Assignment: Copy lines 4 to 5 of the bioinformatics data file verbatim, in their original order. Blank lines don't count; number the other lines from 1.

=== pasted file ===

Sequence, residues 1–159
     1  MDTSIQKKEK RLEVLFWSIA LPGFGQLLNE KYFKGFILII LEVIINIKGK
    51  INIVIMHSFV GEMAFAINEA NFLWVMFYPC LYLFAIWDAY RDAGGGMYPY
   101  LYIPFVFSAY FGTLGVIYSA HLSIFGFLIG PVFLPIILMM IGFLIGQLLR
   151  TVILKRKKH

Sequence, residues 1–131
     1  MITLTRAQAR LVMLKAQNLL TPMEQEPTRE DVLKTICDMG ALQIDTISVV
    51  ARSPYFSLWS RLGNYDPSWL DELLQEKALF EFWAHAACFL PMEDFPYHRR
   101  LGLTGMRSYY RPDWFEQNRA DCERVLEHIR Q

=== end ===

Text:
   101  LYIPFVFSAY FGTLGVIYSA HLSIFGFLIG PVFLPIILMM IGFLIGQLLR
   151  TVILKRKKH